Advances in sewing technology, say the two women, have not only made quilting more accessible, they have also opened the door for innovation within the craft. The technology era, according to Dougherty, has not rendered quilting more standardized and mechanistic, but rather more individualized and artistic.
"The tools that quilters use today - there are no limits. There's always a new gadget to try out," she says. "The machine is just another tool for us to use and actually opens up the opportunity to be more creative, to paint with thread."
Sean's quilt is destined to adorn his already firefighter-themed bedroom, but several other quilts in the showcase will benefit charitable causes. Five "Quilts of Valor" will be donated to returning veterans, and a sixth, the "Celebration Quilt" by Chris Laul and Linda Armbruster, will be raffled on Oct. 1 to raise proceeds for the Bucks County Veterans Association.
Beyond any gadgets or new technology, it is the influence of other quilters, says Jones, and the inspiration that one takes from viewing others' works that is most instrumental in moving the craft forward. That is part of what makes exhibitions like the current showcase so important.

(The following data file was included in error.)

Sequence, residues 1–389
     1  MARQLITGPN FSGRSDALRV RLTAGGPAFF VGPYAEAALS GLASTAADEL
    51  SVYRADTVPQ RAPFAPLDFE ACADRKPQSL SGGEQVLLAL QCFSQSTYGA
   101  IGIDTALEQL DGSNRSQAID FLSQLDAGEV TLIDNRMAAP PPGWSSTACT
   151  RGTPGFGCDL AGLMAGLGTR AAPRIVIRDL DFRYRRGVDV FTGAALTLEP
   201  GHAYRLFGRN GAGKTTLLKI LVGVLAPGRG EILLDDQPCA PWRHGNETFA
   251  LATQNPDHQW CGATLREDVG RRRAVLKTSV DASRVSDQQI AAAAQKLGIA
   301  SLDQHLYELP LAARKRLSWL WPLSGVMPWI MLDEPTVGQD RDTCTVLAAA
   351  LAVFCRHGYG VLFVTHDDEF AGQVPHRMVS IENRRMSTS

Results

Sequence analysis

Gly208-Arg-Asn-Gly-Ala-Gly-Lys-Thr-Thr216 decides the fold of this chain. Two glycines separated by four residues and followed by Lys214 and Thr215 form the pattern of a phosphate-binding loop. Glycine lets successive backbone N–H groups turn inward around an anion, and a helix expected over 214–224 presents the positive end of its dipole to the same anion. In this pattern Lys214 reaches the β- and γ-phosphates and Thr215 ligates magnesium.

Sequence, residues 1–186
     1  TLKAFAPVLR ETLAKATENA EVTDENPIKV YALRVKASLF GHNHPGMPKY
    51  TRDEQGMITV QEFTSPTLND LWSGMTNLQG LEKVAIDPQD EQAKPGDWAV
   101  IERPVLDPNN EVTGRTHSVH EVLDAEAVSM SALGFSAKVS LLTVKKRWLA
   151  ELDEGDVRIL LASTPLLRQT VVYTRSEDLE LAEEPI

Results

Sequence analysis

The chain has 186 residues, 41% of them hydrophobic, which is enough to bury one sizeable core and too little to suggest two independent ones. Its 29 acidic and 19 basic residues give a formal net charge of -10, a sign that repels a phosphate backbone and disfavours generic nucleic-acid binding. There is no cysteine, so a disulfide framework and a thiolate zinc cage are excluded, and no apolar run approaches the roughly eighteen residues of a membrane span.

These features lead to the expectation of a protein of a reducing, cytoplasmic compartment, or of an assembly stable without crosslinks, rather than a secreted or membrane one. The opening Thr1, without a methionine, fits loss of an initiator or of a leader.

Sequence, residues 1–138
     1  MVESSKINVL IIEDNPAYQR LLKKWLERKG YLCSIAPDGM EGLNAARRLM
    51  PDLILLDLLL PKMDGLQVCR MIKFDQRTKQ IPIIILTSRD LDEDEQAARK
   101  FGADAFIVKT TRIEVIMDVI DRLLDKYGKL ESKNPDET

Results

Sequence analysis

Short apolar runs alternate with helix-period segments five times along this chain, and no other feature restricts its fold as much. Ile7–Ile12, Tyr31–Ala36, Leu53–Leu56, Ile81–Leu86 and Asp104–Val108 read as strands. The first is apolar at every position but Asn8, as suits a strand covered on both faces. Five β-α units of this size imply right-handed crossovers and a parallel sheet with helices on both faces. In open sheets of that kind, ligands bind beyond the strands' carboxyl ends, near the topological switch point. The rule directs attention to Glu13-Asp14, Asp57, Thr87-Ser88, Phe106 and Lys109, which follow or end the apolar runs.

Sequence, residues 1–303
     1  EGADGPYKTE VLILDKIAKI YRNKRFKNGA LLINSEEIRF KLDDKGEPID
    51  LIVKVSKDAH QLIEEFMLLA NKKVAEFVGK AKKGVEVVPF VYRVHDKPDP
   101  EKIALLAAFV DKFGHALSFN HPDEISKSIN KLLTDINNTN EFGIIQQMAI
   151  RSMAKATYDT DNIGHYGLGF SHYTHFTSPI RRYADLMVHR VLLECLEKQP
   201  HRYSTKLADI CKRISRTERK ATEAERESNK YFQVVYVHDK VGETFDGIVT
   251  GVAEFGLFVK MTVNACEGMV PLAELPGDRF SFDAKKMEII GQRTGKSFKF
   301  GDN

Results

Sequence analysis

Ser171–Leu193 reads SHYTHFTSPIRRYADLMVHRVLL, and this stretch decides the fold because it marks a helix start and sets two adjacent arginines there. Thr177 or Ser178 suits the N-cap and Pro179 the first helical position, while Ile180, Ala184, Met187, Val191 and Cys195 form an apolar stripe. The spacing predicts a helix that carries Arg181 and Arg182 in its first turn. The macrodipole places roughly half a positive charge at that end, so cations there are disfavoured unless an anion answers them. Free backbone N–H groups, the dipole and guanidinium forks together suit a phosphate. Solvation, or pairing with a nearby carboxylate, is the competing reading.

"Someone comes in and looks at the work the others have done and that inspires them," says Jones. "They take that out and use it to bring their own work to a new level. That interaction, those inspirations are part of the creative process."
And while the process of quilting will inevitably continue to progress, its practice is still at its core a way of remembering the past. Jones points out that the creative recycling of old family mementos is one of the reasons that quilting remains such a lasting tradition. Such was the case in Sean's experience, as he chose to include several of his great-grandfather's Army uniform patches in the quilt's design. "Some of my grandpa's patches from Cub Scouts are on there, too," he says.
"That's what is neat about quilts," says Jones. "There's a lot of symbolism because you pull it from your heart."
Bucks County Quilt Showcase
The Bucks County Quilt Showcase continues until Sept. 27 at the Bucks County Visitors Center in Bensalem, 3207 Street Rd.
Hours: 9 a.m. to 5 p.m. daily.
Information: 800-836-2825 or www.visitbuckscounty.com.